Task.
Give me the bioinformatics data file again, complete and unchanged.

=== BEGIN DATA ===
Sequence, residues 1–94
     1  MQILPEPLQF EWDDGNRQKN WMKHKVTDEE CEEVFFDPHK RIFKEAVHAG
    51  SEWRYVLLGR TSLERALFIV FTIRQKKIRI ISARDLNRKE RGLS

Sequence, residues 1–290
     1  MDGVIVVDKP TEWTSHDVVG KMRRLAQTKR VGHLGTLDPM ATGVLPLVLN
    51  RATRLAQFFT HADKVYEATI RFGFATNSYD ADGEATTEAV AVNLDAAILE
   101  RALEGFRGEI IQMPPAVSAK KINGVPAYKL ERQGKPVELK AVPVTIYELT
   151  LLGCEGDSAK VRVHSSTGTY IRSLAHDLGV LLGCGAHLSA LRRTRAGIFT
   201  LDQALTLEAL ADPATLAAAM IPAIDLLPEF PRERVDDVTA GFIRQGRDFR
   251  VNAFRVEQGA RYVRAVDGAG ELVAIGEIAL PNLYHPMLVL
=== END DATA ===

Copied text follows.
Sequence, residues 1–94
     1  MQILPEPLQF EWDDGNRQKN WMKHKVTDEE CEEVFFDPHK RIFKEAVHAG
    51  SEWRYVLLGR TSLERALFIV FTIRQKKIRI ISARDLNRKE RGLS

Sequence, residues 1–290
     1  MDGVIVVDKP TEWTSHDVVG KMRRLAQTKR VGHLGTLDPM ATGVLPLVLN
    51  RATRLAQFFT HADKVYEATI RFGFATNSYD ADGEATTEAV AVNLDAAILE
   101  RALEGFRGEI IQMPPAVSAK KINGVPAYKL ERQGKPVELK AVPVTIYELT
   151  LLGCEGDSAK VRVHSSTGTY IRSLAHDLGV LLGCGAHLSA LRRTRAGIFT
   201  LDQALTLEAL ADPATLAAAM IPAIDLLPEF PRERVDDVTA GFIRQGRDFR
   251  VNAFRVEQGA RYVRAVDGAG ELVAIGEIAL PNLYHPMLVL